Yesterday morning, despite my illness, I dragged myself out. We were to visit the transit center an hour from Gisenyi, which we manage with MINALOC and the World Food Programme. On the way, we stopped at the Imbubazi (Compassion) Orphanage, a site made famous by Rosamond Halsey Carr, an American woman who has spent a large part of her life here in Rwanda.
In 1994, she had been living an hour from Gisenyi, in a little house by herself. When the genocide began, she was evacuated with all of the other Americans; however, she followed the events closely from the U.S., and begged the Ambassador to let her return in August, despite continued insecurity and constant interahamwe attacks. She had seen the orphans of the genocide on TV, and wanted to help them.
The Ambassador finally agreed, and she returned in September 1994. She was 82.
We met with Rose, and she welcomed us into her European-style cottage, which was enveloped in ivy, and surrounded by exquisitely kept floral gardens. She served us tea and told us her story.
She was childless herself, she said, but at the age of 82, she had 40 children. She founded the orphanage in her old house, which had been completely ransacked and emptied by the interahamwe. She cared for the children in the farmhouse adjoining her cottage.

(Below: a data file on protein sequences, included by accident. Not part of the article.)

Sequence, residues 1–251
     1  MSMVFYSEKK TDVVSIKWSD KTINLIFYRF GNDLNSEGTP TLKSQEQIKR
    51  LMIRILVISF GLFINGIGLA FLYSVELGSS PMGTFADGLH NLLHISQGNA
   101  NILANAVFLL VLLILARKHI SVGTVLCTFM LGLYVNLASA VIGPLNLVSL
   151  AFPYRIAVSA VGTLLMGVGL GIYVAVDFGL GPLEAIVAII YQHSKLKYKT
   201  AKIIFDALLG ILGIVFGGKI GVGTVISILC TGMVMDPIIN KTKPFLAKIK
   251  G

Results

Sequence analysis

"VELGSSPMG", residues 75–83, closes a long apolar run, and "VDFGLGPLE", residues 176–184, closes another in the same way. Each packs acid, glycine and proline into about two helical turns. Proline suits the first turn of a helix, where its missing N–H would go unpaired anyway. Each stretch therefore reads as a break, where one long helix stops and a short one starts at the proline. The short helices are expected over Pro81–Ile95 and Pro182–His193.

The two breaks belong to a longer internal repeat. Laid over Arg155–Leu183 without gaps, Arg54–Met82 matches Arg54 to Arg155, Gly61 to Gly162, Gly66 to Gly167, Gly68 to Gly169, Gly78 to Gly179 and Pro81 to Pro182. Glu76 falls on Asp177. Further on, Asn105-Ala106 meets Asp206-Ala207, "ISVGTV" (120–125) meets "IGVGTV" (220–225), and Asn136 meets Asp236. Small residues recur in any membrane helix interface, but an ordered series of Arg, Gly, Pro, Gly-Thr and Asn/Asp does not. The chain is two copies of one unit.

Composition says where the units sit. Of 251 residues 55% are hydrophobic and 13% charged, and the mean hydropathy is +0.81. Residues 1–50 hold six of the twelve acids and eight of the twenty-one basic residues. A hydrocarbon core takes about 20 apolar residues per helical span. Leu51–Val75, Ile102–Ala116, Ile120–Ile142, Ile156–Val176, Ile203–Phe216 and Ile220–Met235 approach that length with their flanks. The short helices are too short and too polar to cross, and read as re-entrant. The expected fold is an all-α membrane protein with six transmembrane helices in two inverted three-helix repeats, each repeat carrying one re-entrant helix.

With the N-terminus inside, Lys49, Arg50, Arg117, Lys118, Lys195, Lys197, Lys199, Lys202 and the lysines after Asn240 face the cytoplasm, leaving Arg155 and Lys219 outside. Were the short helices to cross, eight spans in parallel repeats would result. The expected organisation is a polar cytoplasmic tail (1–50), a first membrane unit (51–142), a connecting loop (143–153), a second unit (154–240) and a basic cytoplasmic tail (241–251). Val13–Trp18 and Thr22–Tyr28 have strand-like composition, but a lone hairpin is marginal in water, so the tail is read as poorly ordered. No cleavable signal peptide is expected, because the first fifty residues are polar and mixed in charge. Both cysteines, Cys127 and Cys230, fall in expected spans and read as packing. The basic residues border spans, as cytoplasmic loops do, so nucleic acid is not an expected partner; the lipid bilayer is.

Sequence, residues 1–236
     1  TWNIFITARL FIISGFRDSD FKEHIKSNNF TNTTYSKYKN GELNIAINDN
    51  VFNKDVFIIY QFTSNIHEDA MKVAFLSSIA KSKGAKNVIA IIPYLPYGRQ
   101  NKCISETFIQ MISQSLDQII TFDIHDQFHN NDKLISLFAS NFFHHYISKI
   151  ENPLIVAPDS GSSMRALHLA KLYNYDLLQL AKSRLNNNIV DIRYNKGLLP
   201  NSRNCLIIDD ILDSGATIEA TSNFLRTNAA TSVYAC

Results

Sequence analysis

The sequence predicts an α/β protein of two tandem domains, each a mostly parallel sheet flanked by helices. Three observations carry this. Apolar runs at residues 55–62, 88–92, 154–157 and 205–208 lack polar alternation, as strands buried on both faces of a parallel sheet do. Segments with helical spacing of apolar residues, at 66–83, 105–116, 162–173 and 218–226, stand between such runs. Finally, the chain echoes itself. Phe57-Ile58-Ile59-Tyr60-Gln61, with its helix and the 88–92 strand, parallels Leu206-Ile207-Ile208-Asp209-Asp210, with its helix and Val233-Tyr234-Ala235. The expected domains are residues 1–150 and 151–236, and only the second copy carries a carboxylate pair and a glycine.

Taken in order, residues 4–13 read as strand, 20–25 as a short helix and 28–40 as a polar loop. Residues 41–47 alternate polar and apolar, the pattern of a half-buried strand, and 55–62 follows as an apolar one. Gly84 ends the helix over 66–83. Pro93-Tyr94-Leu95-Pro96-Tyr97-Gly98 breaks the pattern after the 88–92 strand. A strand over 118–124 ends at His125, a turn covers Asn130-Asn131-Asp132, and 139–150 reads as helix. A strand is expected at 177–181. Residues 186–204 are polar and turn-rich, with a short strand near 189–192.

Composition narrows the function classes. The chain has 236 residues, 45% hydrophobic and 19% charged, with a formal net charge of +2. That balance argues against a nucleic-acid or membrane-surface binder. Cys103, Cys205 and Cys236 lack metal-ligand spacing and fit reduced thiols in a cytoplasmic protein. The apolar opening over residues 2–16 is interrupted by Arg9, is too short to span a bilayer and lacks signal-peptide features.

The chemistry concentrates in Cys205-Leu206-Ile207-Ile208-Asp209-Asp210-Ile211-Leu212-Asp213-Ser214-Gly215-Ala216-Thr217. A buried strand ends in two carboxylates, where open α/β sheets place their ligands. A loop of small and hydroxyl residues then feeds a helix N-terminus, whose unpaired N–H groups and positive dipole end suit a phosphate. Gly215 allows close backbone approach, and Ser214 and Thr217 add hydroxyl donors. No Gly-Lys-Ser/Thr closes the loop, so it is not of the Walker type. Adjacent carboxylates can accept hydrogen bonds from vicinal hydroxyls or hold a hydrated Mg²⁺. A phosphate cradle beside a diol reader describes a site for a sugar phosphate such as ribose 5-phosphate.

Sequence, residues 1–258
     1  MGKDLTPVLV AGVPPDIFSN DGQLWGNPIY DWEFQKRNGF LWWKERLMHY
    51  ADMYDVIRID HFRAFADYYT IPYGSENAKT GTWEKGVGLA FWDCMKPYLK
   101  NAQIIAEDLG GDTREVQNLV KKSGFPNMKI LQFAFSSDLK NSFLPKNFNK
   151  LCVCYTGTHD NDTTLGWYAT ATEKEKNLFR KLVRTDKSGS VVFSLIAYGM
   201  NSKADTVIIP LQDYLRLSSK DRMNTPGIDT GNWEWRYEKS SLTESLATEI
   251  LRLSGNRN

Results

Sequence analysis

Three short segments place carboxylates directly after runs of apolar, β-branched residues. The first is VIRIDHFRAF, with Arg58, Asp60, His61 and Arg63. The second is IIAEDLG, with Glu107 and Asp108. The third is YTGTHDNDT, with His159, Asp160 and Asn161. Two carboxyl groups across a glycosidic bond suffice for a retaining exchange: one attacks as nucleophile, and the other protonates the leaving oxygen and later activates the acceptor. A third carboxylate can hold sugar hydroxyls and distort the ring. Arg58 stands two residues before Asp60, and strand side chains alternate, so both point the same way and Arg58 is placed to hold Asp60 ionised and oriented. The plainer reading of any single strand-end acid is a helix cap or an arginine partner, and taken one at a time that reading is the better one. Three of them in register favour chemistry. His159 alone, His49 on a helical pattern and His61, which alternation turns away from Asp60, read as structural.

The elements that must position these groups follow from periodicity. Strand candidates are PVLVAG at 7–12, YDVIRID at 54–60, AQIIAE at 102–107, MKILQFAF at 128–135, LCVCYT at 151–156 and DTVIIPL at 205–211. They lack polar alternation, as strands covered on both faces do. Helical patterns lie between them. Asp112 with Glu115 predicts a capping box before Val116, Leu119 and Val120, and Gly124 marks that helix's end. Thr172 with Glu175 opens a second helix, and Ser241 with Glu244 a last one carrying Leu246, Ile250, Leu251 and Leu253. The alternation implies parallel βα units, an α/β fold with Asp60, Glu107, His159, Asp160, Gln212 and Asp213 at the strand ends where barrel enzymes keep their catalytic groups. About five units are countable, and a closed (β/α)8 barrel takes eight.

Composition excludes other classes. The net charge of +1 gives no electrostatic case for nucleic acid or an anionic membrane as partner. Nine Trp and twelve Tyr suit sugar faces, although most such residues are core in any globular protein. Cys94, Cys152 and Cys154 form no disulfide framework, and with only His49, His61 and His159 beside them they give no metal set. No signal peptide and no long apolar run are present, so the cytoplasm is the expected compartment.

The children had nowhere to go, and if they were found walking about, they would surely be slaughtered. Most were babies, the oldest were 5 or 6. She struggled to keep them well-fed and to protect them from the constant interahamwe attacks.
The insecurity became too much, and she moved her orphanage to Gisenyi, where it remained until last month, when the landowners raised the rent to $700 a month. With help from UNHCR, the Red Cross, Save the Children, other organizations and private donors, she reopened a new, expanded orphanage next to her original cottage. The old, bombed-out farmhouse is still there. She now hosts 120 children, some genocide orphans, some who have been left behind by their asylum-seeking parents, some without parents. She is 94.
It's enough to make you cry.
She said this: "I never knew the generosity of people until I opened this orphanage."
But really, she is astonishingly modest. I believe that we are all, fundamentally, cowards. We all want to do good, but no one actually does anything. It takes an exceptional individual, like Rose Carr, to take that first step, and undertake the hard work--and then the rest of us follow, giving her money to support the cause. We congratulate ourselves for having done something good, when all we did was give a couple of dollars.
So when Rose said she couldn't believe the generosity of people, I couldn't help but tear up at the thought that she passed on the credit that she deserves to others.